Lawmakers in New Mexico were asked to provide more resources to oil and gas regulators during the upcoming legislative session, after the state recently enacted multiple new requirements intended to curb air pollution from fossil fuel operations.
The next session, scheduled to start in January, will run for the first 60 days of the year and will be focused on new policy, compared to 2022’s 30-day, budget-drive session.
That means 2023 could see more bills introduced by lawmakers to alter state environmental laws that could affect the oil and gas industry.
State officials pointed to staff vacancies at regulatory agencies impeding the State’s efforts to enforce such policies enacted or that could be proposed during the upcoming session.
Rep. Tara Lujan (D-48) said during an Aug. 26 meeting of the Water and Natural Resources interim legislative committee that New Mexico’s new regulations were needed action to reduce the impacts of climate change from fossil fuel production, work she said should continue as the industry grows.
She said State regulatory agencies could need more resources to keep up with expanding operations.
“The theme here is balance and working toward a balance to our environment to our environment and what is happening with our climate,” Lujan said.
Sen. Ron Griggs (R-34), who represents portions of southeast New Mexico within the Permian Basin oilfields said the industry should have heavy input in any state regulations that could impact operations.
He pointed to an ongoing lawsuit from the Independent Petroleum Association of New Mexico, which represents small operators in the state, as evidence that some industry concerns were devalued by state regulators in recent rulemakings.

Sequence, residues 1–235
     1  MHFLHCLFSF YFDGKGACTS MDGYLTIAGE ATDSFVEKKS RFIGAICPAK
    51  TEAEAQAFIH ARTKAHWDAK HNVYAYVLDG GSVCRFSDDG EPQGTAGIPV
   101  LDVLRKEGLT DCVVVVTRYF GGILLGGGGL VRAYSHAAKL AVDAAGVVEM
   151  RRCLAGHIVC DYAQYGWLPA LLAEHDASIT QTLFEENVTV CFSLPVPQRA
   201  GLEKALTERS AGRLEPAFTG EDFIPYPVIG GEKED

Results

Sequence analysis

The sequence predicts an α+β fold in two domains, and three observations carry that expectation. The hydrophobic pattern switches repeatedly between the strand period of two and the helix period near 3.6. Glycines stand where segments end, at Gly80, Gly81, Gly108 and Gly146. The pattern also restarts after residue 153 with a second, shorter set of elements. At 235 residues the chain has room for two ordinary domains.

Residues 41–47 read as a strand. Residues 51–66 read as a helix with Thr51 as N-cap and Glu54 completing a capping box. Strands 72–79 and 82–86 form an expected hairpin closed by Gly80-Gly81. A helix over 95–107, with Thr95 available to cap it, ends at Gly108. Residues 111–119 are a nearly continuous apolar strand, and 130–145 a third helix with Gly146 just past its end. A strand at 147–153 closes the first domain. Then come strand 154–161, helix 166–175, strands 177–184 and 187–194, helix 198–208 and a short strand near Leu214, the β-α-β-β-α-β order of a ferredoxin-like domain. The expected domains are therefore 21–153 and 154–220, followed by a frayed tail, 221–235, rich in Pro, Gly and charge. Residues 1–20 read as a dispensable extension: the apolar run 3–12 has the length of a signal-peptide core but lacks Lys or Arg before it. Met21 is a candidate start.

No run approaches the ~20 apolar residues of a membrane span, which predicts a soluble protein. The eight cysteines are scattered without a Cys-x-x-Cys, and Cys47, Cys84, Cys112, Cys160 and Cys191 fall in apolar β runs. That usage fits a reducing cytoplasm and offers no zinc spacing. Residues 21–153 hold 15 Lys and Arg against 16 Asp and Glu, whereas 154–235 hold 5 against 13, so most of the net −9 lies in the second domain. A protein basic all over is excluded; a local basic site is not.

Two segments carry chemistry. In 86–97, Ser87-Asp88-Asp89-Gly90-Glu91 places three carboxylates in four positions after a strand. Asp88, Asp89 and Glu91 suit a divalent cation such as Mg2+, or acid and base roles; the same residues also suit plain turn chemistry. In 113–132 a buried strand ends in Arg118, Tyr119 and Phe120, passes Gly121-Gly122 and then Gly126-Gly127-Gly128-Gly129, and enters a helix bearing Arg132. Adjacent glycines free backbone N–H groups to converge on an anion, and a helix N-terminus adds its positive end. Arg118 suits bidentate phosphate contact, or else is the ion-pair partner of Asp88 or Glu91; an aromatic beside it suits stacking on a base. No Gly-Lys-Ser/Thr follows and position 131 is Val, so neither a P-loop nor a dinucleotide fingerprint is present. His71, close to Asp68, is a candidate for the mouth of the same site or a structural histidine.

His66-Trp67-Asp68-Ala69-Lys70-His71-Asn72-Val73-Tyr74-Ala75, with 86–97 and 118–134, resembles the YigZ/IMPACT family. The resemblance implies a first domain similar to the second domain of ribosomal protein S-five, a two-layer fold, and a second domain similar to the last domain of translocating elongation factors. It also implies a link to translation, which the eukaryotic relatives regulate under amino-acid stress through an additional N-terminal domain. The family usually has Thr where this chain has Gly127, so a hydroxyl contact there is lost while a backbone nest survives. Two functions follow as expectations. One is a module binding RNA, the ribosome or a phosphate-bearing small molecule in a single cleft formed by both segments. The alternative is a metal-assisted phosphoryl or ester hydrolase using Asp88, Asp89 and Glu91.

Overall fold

“We need to work with industry,” he said during the meeting. “The independent producers are not here because they’re suing us. I would love to see that we were all working together in such a way that nobody was having to sue somebody else in order to make something happen.”
This summer, the New Mexico Environment Department (NMED) finalized stricter reporting requirements for oil and gas operators throughout the state, centered in the southeast Permian and northwest San Juan Basin, that sought to reduce the release of air pollutants that could from ground-level ozone.
This was intended to restore New Mexico’s compliance with federal air quality standards, with the U.S. Environmental Protection Agency expected to rule on the Permian Basin’s attainment status of the National Ambient Air Quality Standard (NAAQS) requirement of 70 parts per billion (ppb) of ozone on average.
If the region was deemed out of compliance with the NAAQS, it would trigger federal requirements officials worried would slow the process of permitting oil and gas facilities like wells and drilling rigs by adding additional oversight measures.
NMED Cabinet Secretary James Kenney said the EPA recently completed aircraft monitoring of the Permian Basin oilfields, and the results of the survey would determine any new federal requirements and their impact on the industry.